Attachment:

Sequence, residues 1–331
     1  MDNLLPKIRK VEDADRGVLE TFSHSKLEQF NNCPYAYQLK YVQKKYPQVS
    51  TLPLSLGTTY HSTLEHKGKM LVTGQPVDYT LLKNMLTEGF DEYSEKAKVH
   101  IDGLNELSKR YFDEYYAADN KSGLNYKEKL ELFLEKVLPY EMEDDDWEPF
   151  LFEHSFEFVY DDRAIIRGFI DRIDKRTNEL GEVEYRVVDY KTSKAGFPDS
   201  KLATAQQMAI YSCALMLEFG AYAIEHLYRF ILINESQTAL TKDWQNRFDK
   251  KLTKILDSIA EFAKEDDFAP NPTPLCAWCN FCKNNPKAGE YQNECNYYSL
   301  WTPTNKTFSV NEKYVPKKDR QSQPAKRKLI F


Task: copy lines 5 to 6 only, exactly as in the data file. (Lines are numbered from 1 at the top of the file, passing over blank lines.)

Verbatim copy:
   151  LFEHSFEFVY DDRAIIRGFI DRIDKRTNEL GEVEYRVVDY KTSKAGFPDS
   201  KLATAQQMAI YSCALMLEFG AYAIEHLYRF ILINESQTAL TKDWQNRFDK